Beastie Boys Suing Toymaker for 'Girls' Use

The band seeks all profits the company may have generated the viral spot

Adam Horovitz   Michael Diamond Beastie Boys
Astrid Stawiarz/Getty Images
Adam Horovitz and Michael Diamond of the Beastie Boys.
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The legal battle between the Beastie Boys and GoldieBlox, the toy startup that used the New York hip-hop trio's song "Girls" for a commercial without permission, intensified Tuesday. In suing the company for copyright infringement in U.S. District Court, the band's lawyers allege GoldieBlox acted "willfully, maliciously and oppressively with a willful disregard of the harm that would be suffered by the Beastie Boys parties." Those words are used about the ad, which shifts the context of a misogynist old-school rap song to a group of small, pink-loving girls who build an elaborate Rube Goldberg machine out of toys.

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The litigation began November 21st, when GoldieBlox preemptively sued the band, alleging its members threatened the company with copyright infringement. The toy company claims the spot is a parody, and constitutes "fair use." But the band's surviving founders, Mike D and Ad-Rock, argued in an open letter: "As creative as it is, make no mistake, your video is an advertisement that is designed to sell a product, and long ago, we made a conscious decision not to permit our music and/or name to be used in product ads."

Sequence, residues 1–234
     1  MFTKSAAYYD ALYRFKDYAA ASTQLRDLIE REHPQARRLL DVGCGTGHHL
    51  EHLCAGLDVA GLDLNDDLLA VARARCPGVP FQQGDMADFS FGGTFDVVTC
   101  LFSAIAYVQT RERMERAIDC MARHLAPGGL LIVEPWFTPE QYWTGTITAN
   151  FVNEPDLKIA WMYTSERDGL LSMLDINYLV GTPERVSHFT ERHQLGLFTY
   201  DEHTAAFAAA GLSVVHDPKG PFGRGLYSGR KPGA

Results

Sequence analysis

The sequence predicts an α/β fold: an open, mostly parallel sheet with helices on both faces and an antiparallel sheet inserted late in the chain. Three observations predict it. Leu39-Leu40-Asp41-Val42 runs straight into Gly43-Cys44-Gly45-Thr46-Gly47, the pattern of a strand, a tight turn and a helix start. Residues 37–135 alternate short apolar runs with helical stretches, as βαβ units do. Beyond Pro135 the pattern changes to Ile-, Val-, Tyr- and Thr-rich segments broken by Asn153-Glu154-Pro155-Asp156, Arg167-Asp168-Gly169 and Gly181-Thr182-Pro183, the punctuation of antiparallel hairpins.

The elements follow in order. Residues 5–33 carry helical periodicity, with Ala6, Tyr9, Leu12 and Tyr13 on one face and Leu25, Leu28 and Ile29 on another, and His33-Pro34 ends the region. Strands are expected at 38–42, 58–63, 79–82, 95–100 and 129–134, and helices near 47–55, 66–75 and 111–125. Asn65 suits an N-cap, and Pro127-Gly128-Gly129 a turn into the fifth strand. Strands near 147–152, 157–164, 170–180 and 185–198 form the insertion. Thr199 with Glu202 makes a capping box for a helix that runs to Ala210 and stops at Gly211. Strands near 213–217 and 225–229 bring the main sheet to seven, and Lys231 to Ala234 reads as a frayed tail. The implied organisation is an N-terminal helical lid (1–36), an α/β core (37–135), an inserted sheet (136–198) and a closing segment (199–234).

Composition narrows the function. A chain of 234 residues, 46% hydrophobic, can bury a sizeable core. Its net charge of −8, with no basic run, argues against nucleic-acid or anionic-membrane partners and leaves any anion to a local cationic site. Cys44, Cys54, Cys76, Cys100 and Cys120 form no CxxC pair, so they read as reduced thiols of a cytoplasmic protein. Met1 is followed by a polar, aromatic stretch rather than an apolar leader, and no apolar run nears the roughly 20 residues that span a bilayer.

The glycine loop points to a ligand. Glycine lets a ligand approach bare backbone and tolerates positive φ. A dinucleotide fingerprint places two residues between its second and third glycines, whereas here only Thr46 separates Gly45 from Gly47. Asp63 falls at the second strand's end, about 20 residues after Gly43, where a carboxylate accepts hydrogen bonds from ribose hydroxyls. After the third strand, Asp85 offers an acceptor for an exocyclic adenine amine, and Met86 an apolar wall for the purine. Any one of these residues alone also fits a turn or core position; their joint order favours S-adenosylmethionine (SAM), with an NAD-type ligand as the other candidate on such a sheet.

The Beastie Boys' counter-suit, filed yesterday at US District Court in Oakland, Calif., claims GoldieBlox used the song "with the intent of causing confusion and mistake and of misleading and deceiving the public into believing that the Beastie Boys Parties' goods and services are associated with or authorized by GoldieBlox." The band is seeking all profits the company may have generated through airing the viral spot. The band's reps refused to comment. Its late founder, Adam "MCA" Yauch, has stipulated in his will that no Beastie Boys songs can be used in ads.

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